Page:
Seniors are at higher risk of bad breath
|By Dr. Harold Katz - Bad Breath Expert|
SUMMARY: The aging process brings with it many changes. Seniors often report benefits to their golden years. They may no longer have to work and can spend more time with their grandchildren and other family members. This free time often allows older individuals to pursue hobbies and other interests that there never seemed to be enough time for in their younger days.
Posted: October 7, 2010
The aging process brings with it many changes. Seniors often report benefits to their golden years. They may no longer have to work and can spend more time with their grandchildren and other family members. This free time often allows older individuals to pursue hobbies and other interests that there never seemed to be enough time for in their younger days.
However, there are also some downsides to growing older. In addition to the multiple aches, pains and other medical conditions that become more prevalent with age, seniors are also more likely to experience bad breath.
Due to the fact that older people are less likely to find themselves in new social situations, they may feel that it is less important for them to worry about their breath. However, halitosis may make it harder for their grandchildren to display affection or for their friends and family to want to engage in conversation with them.
Taking steps to fix their bad breath problems may be important for seniors. If they are going to try to end their halitosis, it may be important to understand what is causing the condition.
One of the main causes of age-related bad breath is the fact that most people begin producing less saliva as they grow older. This results in halitosis for two reasons. First, saliva works to naturally clear the mouth of food particles that have accumulated between brushings. When there is no saliva, this is not happening. Food particles in the mouth may begin to break down, releasing sulfur compounds, which have an unpleasant smell.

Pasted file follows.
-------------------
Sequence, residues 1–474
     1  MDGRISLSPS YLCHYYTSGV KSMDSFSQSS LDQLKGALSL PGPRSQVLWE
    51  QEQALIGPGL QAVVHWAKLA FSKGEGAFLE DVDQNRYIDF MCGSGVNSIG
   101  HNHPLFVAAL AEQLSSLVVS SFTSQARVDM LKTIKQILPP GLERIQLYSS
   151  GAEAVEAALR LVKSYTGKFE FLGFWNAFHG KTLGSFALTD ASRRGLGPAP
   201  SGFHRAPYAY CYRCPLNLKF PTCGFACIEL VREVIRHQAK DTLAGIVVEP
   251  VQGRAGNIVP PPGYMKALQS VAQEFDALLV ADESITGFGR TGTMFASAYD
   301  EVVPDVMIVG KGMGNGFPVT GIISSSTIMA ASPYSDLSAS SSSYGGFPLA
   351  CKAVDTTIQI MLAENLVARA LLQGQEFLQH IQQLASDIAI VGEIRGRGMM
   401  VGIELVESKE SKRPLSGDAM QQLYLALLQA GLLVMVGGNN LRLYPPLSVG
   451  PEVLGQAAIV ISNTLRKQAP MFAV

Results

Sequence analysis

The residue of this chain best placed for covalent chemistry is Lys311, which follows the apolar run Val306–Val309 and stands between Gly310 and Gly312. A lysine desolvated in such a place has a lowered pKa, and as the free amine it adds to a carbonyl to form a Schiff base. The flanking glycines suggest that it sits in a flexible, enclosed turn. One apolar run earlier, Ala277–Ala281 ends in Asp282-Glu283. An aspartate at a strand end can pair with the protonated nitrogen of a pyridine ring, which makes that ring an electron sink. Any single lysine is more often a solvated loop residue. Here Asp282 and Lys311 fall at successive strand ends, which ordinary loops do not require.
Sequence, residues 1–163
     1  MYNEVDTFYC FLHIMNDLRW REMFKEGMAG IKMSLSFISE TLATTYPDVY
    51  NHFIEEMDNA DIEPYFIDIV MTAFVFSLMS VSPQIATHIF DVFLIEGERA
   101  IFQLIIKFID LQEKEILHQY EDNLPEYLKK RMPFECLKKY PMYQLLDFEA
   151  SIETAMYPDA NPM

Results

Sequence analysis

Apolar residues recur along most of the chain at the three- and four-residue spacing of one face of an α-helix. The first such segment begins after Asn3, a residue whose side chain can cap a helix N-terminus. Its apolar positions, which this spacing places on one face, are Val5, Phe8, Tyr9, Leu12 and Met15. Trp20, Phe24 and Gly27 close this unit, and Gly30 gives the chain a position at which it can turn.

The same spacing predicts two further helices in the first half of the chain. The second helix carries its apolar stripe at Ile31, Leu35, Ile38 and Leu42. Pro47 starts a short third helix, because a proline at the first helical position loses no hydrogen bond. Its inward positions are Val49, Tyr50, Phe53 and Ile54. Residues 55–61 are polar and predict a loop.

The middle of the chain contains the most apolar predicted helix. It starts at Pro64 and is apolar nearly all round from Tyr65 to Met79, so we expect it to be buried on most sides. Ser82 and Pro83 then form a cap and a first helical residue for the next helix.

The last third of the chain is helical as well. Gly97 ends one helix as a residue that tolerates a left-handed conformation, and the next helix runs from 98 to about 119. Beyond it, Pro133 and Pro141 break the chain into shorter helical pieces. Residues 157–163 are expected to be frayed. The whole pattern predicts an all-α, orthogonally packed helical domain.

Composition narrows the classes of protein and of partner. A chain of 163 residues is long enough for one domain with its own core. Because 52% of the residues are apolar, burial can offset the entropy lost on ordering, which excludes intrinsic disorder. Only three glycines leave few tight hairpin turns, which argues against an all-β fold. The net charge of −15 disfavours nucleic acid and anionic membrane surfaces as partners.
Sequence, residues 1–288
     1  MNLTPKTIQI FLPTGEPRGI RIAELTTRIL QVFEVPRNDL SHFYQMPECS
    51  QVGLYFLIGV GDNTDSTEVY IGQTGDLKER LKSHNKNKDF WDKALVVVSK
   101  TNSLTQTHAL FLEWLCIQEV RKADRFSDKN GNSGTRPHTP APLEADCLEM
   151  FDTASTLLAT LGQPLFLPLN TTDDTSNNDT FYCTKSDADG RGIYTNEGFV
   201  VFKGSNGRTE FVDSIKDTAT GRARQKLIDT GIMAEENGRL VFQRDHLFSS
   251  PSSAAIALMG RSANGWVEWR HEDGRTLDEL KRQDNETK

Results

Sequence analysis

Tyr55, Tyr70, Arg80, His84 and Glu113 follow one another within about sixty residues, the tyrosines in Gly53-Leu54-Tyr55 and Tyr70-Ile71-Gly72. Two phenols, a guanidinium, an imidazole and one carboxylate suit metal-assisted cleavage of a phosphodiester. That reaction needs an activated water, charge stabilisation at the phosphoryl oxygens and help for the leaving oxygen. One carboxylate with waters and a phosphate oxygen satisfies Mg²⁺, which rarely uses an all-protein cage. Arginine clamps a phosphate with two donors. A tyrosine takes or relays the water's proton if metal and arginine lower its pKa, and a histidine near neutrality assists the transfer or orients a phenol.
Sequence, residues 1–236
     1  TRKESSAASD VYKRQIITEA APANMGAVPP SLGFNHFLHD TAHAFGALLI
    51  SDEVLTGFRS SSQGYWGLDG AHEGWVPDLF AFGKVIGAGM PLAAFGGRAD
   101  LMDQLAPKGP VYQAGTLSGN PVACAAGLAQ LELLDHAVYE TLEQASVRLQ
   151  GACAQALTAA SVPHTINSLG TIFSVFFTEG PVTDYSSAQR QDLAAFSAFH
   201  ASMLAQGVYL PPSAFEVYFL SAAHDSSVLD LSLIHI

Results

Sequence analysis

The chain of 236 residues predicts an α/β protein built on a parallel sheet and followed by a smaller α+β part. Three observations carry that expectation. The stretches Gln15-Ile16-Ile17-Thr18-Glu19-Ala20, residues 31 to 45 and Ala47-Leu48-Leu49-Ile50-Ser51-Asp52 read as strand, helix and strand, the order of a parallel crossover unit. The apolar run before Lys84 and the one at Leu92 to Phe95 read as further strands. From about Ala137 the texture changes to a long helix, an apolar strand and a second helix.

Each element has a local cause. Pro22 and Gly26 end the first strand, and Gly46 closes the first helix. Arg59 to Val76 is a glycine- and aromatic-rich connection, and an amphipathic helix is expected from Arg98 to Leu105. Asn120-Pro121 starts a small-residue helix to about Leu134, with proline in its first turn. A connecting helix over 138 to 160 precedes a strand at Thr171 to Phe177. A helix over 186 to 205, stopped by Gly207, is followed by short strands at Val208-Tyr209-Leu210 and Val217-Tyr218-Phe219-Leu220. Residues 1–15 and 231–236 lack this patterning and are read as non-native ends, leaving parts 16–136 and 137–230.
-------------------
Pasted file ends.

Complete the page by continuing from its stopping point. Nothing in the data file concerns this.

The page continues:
Second, bacteria thrive in the warm, dry atmosphere of a mouth that has no saliva. This may contribute to the proliferation of odor-causing microbes. Unless seniors are taking special care of their oral health, these bacteria may quickly reach unhealthy levels.
Many older individuals also take medications that can contribute to dry mouth. Decreased saliva function is one side effect of a multitude of medications. While they may help manage the symptoms of other conditions, they may also contribute to bad breath.
There are many things seniors can do to address this problem. One important step they can take may be to begin using a mouthwash that does not contain alcohol. This may help kill many odor-causing germs without the dehydrating effect of many products that contain alcohol.